Delahoyde & Hughes
In Book IV, Perseus cut a deal with King Cepheus and Queen Cassiope; they accepted a pact and promised their daughter in marriage to Perseus if he freed her from the chains of the monster. Perseus saved Andromache, a woman betrothed to Phineus, King Cepheus’ brother. So in Book V, Phineus is ready for violence. King Cepheus points out that he was not the one to save Andromache from the monster of the sea: he did nothing to try to save Andromeda. King Cepheus asks Phineus how he can now outcry against her marriage to Perseus when Perseus is the man who rescued her from death.
Phineus’ rage persists and he strikes out at Perseus with his spear. He misses. Perseus retrieves the spear and fires it back, missing the scrambling Phineus and hitting the face of Rhoetus. Violence and bloodshed result. Perseus is a formidable warrior but he is eventually hemmed in by Phineus and a thousand of his men. Perseus says,”You have compelled me to this step; from my own enemy I must seek help.” He raises the Gorgon’s head (104). “Two hundred saw that head and turned to stone” (105). Phineus half-apologizes, but Perseus mercilessly shoves Medusa’s head into his face.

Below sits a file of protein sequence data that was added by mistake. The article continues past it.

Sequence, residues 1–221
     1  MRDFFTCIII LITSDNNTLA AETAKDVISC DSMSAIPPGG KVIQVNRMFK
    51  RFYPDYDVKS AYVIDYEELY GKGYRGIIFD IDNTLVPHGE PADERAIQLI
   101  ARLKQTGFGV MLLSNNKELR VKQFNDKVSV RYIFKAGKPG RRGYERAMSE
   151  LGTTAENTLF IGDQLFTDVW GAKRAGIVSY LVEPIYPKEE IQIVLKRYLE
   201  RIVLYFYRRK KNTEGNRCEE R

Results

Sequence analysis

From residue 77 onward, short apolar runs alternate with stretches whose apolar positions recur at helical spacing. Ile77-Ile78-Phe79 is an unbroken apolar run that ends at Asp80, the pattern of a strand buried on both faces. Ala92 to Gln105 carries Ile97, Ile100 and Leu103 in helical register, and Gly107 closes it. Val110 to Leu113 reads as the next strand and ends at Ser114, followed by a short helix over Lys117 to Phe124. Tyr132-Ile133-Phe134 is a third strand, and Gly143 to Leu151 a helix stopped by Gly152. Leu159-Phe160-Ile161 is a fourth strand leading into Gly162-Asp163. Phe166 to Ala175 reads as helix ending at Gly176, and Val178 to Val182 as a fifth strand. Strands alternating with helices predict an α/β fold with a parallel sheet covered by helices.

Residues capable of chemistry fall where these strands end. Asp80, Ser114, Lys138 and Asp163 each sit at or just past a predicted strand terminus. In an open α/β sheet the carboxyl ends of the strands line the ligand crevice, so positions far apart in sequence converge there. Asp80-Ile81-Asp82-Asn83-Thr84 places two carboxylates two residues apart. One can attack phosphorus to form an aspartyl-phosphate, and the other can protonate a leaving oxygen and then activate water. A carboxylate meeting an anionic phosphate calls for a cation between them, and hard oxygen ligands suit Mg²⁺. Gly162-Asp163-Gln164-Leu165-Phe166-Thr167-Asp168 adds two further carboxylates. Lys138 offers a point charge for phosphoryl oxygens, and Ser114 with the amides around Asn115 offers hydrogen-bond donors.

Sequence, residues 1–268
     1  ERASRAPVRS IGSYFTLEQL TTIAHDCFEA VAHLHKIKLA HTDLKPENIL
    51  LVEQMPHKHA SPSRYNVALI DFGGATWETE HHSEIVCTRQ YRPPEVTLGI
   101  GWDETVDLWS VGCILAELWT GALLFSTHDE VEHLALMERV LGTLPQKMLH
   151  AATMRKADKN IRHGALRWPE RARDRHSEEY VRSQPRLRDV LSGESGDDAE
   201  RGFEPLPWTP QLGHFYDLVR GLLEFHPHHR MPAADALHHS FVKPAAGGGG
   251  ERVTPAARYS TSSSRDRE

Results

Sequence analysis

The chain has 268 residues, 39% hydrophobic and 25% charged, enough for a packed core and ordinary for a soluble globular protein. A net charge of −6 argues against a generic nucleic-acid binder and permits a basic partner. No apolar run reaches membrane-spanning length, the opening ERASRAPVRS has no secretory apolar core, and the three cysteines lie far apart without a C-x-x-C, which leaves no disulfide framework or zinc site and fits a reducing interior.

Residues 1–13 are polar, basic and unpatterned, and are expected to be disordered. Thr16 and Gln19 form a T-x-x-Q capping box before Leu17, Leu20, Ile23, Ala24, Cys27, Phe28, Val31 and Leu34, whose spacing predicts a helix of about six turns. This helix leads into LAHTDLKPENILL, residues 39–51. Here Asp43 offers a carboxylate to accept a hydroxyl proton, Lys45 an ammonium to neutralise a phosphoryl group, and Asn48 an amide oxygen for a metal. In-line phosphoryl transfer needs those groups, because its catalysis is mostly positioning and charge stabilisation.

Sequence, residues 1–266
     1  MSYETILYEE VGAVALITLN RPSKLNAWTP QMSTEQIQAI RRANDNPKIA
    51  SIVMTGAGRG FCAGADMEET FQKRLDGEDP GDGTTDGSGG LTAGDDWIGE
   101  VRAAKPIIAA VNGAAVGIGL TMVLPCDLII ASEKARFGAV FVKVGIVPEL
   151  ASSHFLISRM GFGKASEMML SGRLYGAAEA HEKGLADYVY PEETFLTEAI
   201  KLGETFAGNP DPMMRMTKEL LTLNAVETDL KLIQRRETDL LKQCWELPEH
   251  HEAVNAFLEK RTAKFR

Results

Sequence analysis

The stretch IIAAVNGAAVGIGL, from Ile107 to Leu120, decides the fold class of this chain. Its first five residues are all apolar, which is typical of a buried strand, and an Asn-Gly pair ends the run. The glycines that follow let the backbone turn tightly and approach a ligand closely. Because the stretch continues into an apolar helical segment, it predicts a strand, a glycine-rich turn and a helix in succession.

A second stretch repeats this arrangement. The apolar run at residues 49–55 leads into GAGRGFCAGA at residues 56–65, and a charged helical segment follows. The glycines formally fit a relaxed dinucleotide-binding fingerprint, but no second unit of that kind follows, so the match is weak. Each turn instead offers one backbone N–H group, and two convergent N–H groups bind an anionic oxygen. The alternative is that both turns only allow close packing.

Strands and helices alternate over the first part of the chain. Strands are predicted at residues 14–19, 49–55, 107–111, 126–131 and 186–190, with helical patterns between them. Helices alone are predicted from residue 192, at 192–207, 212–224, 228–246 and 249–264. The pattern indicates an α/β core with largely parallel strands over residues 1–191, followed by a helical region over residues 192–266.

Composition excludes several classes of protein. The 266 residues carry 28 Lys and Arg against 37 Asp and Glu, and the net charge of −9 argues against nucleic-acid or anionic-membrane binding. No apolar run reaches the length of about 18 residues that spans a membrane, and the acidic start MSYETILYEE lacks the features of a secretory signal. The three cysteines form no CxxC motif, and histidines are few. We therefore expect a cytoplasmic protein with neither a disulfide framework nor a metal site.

- What might the Gorgon signify in contemporary culture?
Minerva and the Muses:
We learn of the wonders of Pegasus and a challenge to the Muses. We hear about the gods disguising themselves as animals at one point (109). Ovid also supplies the story of Proserpine (in Greek, Persephone), her abduction by Pluto (Hades) when shot by Cupid, and the search conducted by her mother Ceres (Demeter). Unfortunately, Proserpine had eaten some pomegranate seeds in the underworld, and so can be only partially saved.
- Ovid interjects that earth is not to be blamed for any willing aid in the ravishment. What part did earth play in this story?
Arethusa is chased, naked, and turns into a sacred spring. Etiologically, we hear of the origin of newts (113), owls (115-116), the lynx (119), and magpies (119-120).